As a matter of fact, for equity to prevail, women must have the courage to stand up for what is right and just. This is a good time to understand that when things go wrong, as they sometimes do, women seem to lack the capacity, and/or courage, to pitch the ring-fence, so we end up on the wrong side.

Let’s find the courage to do what is right because it is the right thing to do.

Demming: Caring for our helpless; to ignore them is to risk your humanity

There’s a human who walks in small tight circles on the pavement in Champs Fleurs in front of a successful company. His fingers on one hand are visibly rotting, his smell is putrid, he made me think of the personification of the ‘creature from the black lagoon’.

I first saw him three months ago and he has continued on his daily pilgrimage in his own hell while commuters like me drive past, taxi people hustle their passengers and employees walk by to get to their stations.

Photo: A homeless man sleeps on the pavement.
(Copyright Business Insider)

I am told that the aforementioned company has reached out to the Police, the Ministry of Health, The Ministry of Social Services and even sought legal advice; but everyone is constrained by the laws—so unless he agrees, he cannot be removed against his wishes.

The conclusion is that, as a society, we shall observe his slow death on the pavement in the name of human rights. Little by little we shall preside over the decay of a human being until he dies in front of us and little by little the memory will fade.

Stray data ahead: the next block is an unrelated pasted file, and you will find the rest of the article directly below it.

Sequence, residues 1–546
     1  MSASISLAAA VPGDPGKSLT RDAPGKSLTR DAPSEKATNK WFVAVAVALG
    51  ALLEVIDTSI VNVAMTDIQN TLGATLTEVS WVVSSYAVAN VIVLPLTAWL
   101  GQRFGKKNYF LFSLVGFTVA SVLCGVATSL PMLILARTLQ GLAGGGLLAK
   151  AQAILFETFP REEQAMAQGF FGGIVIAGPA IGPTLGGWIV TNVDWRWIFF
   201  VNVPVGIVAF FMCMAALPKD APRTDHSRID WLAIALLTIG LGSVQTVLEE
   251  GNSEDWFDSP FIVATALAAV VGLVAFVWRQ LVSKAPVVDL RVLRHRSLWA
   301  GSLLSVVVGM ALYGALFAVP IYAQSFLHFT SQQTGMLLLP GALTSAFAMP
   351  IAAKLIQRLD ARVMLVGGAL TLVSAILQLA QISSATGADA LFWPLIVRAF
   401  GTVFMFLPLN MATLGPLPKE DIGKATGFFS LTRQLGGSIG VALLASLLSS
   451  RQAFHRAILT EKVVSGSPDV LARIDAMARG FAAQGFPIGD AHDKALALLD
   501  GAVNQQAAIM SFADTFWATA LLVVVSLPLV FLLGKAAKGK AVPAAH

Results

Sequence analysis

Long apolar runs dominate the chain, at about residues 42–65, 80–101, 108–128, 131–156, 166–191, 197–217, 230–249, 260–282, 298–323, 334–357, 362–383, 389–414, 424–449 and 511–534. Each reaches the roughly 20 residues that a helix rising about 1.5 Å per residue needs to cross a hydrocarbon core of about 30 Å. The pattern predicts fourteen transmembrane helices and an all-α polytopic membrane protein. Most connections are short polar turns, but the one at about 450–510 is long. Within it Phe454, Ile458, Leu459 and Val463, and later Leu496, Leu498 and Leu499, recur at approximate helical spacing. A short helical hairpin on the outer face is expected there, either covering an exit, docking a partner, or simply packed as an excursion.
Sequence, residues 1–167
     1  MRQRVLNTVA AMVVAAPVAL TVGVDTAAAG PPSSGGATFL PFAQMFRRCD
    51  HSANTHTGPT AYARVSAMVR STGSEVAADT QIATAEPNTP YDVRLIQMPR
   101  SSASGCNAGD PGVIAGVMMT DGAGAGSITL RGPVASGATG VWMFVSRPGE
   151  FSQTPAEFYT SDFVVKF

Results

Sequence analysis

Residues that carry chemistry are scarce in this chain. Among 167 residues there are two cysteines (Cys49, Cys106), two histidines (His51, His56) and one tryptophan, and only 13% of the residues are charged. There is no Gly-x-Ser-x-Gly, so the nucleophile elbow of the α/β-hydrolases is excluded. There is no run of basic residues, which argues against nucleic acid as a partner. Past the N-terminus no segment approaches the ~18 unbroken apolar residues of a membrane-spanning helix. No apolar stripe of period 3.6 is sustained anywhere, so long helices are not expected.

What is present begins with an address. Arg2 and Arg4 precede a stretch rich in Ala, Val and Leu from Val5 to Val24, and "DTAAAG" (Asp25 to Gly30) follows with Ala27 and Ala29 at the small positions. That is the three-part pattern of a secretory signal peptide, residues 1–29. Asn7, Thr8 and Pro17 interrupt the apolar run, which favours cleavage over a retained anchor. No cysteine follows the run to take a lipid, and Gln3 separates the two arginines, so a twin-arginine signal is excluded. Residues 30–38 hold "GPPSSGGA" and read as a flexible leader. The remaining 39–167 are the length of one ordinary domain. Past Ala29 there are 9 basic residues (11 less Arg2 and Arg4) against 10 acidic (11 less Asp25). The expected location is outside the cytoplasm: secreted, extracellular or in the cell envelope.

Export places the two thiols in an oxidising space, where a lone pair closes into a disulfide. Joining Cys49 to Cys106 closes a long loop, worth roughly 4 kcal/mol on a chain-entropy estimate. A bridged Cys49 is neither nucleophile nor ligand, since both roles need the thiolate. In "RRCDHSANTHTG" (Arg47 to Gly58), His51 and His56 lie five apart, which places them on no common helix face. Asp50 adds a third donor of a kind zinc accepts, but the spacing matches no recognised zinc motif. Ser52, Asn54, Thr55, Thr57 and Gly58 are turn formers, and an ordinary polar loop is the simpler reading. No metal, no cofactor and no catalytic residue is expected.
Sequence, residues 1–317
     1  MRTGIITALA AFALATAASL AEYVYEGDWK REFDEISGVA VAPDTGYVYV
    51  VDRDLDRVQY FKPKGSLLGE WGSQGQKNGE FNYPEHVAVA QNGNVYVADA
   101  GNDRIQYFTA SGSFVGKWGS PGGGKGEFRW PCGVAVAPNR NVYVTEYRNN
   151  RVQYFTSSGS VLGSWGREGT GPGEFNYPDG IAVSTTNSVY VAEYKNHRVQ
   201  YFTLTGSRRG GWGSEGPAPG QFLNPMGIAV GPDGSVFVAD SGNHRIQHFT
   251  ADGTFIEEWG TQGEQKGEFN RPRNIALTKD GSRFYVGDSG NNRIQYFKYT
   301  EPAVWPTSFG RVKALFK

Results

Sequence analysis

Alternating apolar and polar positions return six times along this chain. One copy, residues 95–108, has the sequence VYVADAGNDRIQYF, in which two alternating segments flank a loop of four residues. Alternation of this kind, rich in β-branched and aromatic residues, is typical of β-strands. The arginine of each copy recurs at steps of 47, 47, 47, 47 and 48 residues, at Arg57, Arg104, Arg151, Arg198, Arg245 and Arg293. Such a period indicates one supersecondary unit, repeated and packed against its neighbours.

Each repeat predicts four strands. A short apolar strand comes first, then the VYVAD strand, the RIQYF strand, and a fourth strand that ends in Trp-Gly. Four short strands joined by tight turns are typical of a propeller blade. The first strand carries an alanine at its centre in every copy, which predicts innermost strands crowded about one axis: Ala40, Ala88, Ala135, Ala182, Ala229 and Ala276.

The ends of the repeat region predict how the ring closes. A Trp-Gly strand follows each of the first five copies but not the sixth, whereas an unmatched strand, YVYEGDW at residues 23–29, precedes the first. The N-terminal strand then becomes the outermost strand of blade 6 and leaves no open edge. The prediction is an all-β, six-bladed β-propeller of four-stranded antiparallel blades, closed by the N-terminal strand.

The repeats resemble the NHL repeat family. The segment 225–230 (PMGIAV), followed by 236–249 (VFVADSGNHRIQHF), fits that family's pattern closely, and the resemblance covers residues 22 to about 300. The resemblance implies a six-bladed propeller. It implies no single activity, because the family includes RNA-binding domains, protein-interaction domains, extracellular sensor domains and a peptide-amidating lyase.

What is unfortunate is that there are several of these cases on our streets and in our parks, though many of them are in the early stages of deterioration.

This particular case is a thorn in my side. We simply cannot throw our hands up in the air and do nothing. This case is a crisis which requires state intervention. Someone has to be bold enough to come up with a strategy to heal this human being. He ought not to be allowed to fester and die on the pavement.

In the larger context, the issue of vagrancy and homelessness has to be solved. It not only impacts the persons who are sleeping and defecating on the streets but it affects each witness to such abnormal behaviours. In the early stages we may be nauseated but little by little we turn away until we no longer notice; and that is the point at which we begin to lose our humanity.

Photo: A homeless person makes a sleeping place on the pavement.

It was American writer and novelist Pearl Buck (winner of the Pulitzer Prize in 1932), and recipient of the Nobel Prize for literature who wrote: “Our society must make it right and possible for old people not to fear the young or be deserted by them, for the test of a civilisation is the way that it cares for its helpless members.”

This case is yet another example of the extent to which our institutions are failing and it is also an opportunity for collaboration amongst our politicians to deal with this humanitarian issue.

The Parliament website points the researcher to the 2017 inquiry by the Joint Select Committee into the effectiveness of the State’s intervention programmes aimed at socially displaced persons. There is a well presented report with more than 20 recommendations for both short and long term action. The report even mandates that the specific recommendations be implemented in time frames between 3 and 24 months.

However the follow-up report is not available to track which of the recommendations have been implemented. Again there is an implementation deficit. Had we conducted a comprehensive survey of the socially displaced in Trinidad and Tobago as recommended in the report, we would have been able to track each person as is done in other countries.

We continue to defer opportunities to prevent the deterioration which is occurring before our eyes. We know what to do because the reports which we have paid for provide solutions. Implementation is the problem.

Photo: A portrait of a homeless person.
(Copyright Lee Jeffries)

Will we continue as we are? Or will we begin to acknowledge that every human is worthy of our efforts to care for them and put the systems and procedures in place to make a difference?

It is time to change and we must collectively make the change.